Hydrogen Sulfide in Redox Biology Part B - 1st Edition - ISBN: 9780128015117, 9780128016220

Hydrogen Sulfide in Redox Biology Part B, Volume 555

1st Edition

Serial Volume Editors: Enrique Cadenas Lester Packer
eBook ISBN: 9780128016220
Hardcover ISBN: 9780128015117
Imprint: Academic Press
Published Date: 3rd March 2015
Page Count: 370
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Table of Contents

  • Preface
  • Section I: The Redox Biochemistry of Hydrogen Sulfide
    • Chapter One: Investigating the Role of H2S in 4-HNE Scavenging
      • Abstract
      • 1 Introduction
      • 2 Experimental Compounds and Considerations
      • 3 Conclusions and Perspectives
      • Acknowledgment
    • Chapter Two: Inhalation Exposure Model of Hydrogen Sulfide (H2S)-Induced Hypometabolism in the Male Sprague-Dawley Rat
      • Abstract
      • 1 Introduction
      • 2 Exposure Protocol for H2S-Induced Hypometabolism in Rats
      • 3 Other Considerations for H2S Exposure Studies
      • 4 Summary
      • Acknowledgments
  • Section II: Mechanisms of H2S Cell Signaling and Transcriptional Pathways
    • Chapter Three: Use of the “Tag-Switch” Method for the Detection of Protein S-Sulfhydration
      • Abstract
      • 1 Introduction
      • 2 The Design of “Tag-Switch” Method
      • 3 Chemistry Validation Using Small-Molecule Substrates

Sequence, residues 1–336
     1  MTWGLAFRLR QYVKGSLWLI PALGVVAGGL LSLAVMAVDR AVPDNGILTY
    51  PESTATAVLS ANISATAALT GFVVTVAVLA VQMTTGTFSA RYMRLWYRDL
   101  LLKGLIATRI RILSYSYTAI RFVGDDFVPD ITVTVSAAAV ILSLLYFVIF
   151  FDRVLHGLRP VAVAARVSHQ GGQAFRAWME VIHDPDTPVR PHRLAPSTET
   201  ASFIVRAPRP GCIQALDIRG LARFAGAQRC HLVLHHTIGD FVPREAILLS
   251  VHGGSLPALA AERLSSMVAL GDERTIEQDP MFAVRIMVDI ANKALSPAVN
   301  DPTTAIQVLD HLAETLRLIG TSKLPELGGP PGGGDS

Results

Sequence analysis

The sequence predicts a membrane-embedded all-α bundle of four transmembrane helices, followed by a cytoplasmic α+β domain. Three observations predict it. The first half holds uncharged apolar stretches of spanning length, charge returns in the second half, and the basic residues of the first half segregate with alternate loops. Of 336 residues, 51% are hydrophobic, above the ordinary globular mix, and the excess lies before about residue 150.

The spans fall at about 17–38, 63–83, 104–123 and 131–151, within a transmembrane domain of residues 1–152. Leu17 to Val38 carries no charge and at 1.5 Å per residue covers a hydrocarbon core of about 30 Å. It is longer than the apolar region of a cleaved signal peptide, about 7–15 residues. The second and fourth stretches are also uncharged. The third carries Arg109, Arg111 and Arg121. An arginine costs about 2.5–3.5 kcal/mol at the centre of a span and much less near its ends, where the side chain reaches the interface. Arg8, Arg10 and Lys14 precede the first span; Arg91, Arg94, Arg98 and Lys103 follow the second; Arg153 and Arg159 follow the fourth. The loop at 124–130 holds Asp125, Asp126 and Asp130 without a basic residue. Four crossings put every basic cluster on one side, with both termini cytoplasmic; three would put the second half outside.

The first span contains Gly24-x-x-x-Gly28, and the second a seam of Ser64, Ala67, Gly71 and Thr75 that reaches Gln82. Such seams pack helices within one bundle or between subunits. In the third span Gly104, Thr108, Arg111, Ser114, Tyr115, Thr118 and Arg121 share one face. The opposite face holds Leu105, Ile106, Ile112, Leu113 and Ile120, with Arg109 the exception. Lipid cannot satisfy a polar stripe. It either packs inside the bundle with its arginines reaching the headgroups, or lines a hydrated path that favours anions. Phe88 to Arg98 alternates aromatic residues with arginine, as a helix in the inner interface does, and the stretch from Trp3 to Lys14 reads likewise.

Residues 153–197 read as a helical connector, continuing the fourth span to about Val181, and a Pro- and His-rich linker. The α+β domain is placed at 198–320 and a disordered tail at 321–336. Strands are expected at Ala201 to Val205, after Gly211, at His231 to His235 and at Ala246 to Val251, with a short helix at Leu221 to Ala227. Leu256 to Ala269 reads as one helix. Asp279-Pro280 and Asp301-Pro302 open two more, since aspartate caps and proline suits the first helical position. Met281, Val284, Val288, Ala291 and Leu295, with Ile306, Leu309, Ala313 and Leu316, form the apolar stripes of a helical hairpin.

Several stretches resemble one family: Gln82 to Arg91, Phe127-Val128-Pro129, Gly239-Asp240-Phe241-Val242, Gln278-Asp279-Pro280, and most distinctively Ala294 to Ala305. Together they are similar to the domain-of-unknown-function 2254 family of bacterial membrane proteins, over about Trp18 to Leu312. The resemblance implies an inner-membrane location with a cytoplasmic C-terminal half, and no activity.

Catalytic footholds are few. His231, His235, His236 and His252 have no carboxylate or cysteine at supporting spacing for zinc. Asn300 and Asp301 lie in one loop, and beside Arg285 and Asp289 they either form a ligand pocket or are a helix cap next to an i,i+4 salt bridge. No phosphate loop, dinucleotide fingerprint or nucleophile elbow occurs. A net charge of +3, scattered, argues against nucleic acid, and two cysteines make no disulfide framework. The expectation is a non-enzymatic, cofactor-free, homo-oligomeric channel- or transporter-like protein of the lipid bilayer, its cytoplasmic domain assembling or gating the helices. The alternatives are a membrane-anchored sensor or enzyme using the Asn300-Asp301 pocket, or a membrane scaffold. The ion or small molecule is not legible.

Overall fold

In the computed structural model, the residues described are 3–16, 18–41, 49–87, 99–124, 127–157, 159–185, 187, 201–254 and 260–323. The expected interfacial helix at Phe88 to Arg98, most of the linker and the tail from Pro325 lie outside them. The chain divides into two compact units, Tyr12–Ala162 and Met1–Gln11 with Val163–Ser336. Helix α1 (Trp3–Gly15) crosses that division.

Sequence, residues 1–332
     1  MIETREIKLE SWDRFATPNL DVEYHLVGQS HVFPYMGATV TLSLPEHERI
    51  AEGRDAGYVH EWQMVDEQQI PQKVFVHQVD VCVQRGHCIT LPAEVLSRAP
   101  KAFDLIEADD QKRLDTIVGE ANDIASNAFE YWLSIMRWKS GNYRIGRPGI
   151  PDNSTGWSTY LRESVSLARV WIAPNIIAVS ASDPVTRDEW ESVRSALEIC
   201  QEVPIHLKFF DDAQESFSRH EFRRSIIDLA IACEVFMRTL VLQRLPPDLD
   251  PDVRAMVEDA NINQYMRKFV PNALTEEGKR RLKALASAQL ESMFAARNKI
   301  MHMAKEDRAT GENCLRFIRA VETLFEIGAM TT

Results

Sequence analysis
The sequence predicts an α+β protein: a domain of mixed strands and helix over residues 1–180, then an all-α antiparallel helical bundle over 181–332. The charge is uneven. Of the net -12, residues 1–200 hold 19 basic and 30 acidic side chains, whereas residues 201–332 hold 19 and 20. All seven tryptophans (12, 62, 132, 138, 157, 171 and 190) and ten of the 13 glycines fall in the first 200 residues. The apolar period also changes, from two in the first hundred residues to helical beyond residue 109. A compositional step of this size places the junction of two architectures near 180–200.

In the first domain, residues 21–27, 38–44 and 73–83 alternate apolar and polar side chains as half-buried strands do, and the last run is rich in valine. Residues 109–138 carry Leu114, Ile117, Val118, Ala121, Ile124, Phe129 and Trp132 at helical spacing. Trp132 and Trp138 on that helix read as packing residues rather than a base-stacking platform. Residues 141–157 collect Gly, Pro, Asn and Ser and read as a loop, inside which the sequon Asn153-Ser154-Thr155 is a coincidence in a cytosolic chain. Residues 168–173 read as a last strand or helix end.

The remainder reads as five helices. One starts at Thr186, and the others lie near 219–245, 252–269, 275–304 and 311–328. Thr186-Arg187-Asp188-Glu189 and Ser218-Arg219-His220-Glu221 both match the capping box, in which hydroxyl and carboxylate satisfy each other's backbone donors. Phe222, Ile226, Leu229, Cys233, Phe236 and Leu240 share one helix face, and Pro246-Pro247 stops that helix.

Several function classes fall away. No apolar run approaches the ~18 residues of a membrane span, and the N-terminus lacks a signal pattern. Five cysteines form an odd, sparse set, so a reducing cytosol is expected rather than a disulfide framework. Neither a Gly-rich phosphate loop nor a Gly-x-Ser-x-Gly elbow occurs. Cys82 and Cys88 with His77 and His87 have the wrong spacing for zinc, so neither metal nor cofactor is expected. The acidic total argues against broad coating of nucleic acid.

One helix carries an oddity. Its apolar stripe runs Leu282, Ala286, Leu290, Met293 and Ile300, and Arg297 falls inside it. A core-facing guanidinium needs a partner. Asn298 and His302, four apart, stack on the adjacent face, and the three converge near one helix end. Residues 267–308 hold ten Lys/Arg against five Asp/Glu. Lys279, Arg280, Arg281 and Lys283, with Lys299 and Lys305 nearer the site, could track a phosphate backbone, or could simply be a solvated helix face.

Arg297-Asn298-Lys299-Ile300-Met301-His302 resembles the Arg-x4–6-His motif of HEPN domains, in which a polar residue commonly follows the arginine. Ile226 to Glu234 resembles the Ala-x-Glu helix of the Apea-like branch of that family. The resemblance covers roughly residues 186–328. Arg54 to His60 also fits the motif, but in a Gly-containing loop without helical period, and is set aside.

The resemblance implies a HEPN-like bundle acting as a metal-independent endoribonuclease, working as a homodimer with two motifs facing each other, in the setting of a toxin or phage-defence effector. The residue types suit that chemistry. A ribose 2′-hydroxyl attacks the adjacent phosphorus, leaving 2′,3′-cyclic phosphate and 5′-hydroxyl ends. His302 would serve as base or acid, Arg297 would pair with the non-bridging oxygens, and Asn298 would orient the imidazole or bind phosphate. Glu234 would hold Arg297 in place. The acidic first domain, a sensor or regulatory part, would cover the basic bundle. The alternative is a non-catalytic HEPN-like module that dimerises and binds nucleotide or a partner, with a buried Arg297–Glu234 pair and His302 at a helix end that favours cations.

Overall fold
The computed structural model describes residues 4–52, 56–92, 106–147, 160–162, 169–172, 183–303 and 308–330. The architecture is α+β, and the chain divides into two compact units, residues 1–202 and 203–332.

• 4 “Tag-Switch” Assay on Bovine Serum Albumin and GAPDH as Model Proteins
      • 5 “Tag-Switch” Assay for the Detection on Intracellular Protein Persulfides
      • 6 “Tag-Switch” Assay for the Detection of Intracellular S-Sulfhydration by Fluorescence Microscopy
      • 7 Conclusions
      • Acknowledgments
    • Chapter Four: Real-Time Assays for Monitoring the Influence of Sulfide and Sulfane Sulfur Species on Protein Thiol Redox States
      • Abstract
      • 1 Introduction
      • 2 PTEN Activity Assay
      • 3 roGFP2 Redox Assay
      • 4 Application of “H2S Donors” and Polysulfides
      • 5 Quantitation of Sulfane Sulfur by Cold Cyanolysis
      • 6 Elimination of Sulfane Sulfur by Cold Cyanolysis
      • Acknowledgments
    • Chapter Five: Protein Sulfhydration
      • Abstract
      • 1 Introduction
      • 2 Detection of Sulfhydration Using the Modified Biotin Switch Assay
      • 3 Detection of Sulfhydration Using the Maleimide Assay
      • 4 Summary
      • Acknowledgments
  • Section III: H2S in Cell Signaling in the Cardiovascular and Nervous System and Inflammatory Processes
    • Chapter Six: Intravital Microscopic Methods to Evaluate Anti-inflammatory Effects and Signaling Mechanisms Evoked by Hydrogen Sulfide
      • Abstract
      • 1 Introduction
      • 2 Molecular Determinants of Neutrophil/Endothelial Cell Adhesive Interactions
      • 3 Intravital Microscopic Approaches to Study Leukocyte/Endothelial Cell Adhesive Interactions
      • 4 Assessing Leukocyte Rolling, Adhesion, and Emigration in the Intact Microcirculation
      • 5 Detection of Chemokine and Adhesion Molecule Expression using Intravital Microscopy
      • 6 Intravital Microscopic Methods to Assess Changes in Microvascular Permeability
      • 7 Assessment of Reactive Oxygen Species Generation Using Intravital Microscopy
      • 8 Fluorescence Detection of Cell Injury using Intravital Microscopy